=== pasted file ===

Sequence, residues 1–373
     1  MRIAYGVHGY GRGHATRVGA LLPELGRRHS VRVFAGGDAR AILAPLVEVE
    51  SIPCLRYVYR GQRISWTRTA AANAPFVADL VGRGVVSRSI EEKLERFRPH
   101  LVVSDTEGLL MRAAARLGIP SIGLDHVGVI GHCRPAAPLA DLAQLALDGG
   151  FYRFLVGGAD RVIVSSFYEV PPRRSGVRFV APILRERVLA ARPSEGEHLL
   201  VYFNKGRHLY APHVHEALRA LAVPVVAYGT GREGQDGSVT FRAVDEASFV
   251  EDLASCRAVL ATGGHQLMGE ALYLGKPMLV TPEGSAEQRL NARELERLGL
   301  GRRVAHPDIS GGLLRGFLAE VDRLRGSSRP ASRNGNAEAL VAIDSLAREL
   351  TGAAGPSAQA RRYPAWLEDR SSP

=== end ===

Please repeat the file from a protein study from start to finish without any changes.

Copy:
Sequence, residues 1–373
     1  MRIAYGVHGY GRGHATRVGA LLPELGRRHS VRVFAGGDAR AILAPLVEVE
    51  SIPCLRYVYR GQRISWTRTA AANAPFVADL VGRGVVSRSI EEKLERFRPH
   101  LVVSDTEGLL MRAAARLGIP SIGLDHVGVI GHCRPAAPLA DLAQLALDGG
   151  FYRFLVGGAD RVIVSSFYEV PPRRSGVRFV APILRERVLA ARPSEGEHLL
   201  VYFNKGRHLY APHVHEALRA LAVPVVAYGT GREGQDGSVT FRAVDEASFV
   251  EDLASCRAVL ATGGHQLMGE ALYLGKPMLV TPEGSAEQRL NARELERLGL
   301  GRRVAHPDIS GGLLRGFLAE VDRLRGSSRP ASRNGNAEAL VAIDSLAREL
   351  TGAAGPSAQA RRYPAWLEDR SSP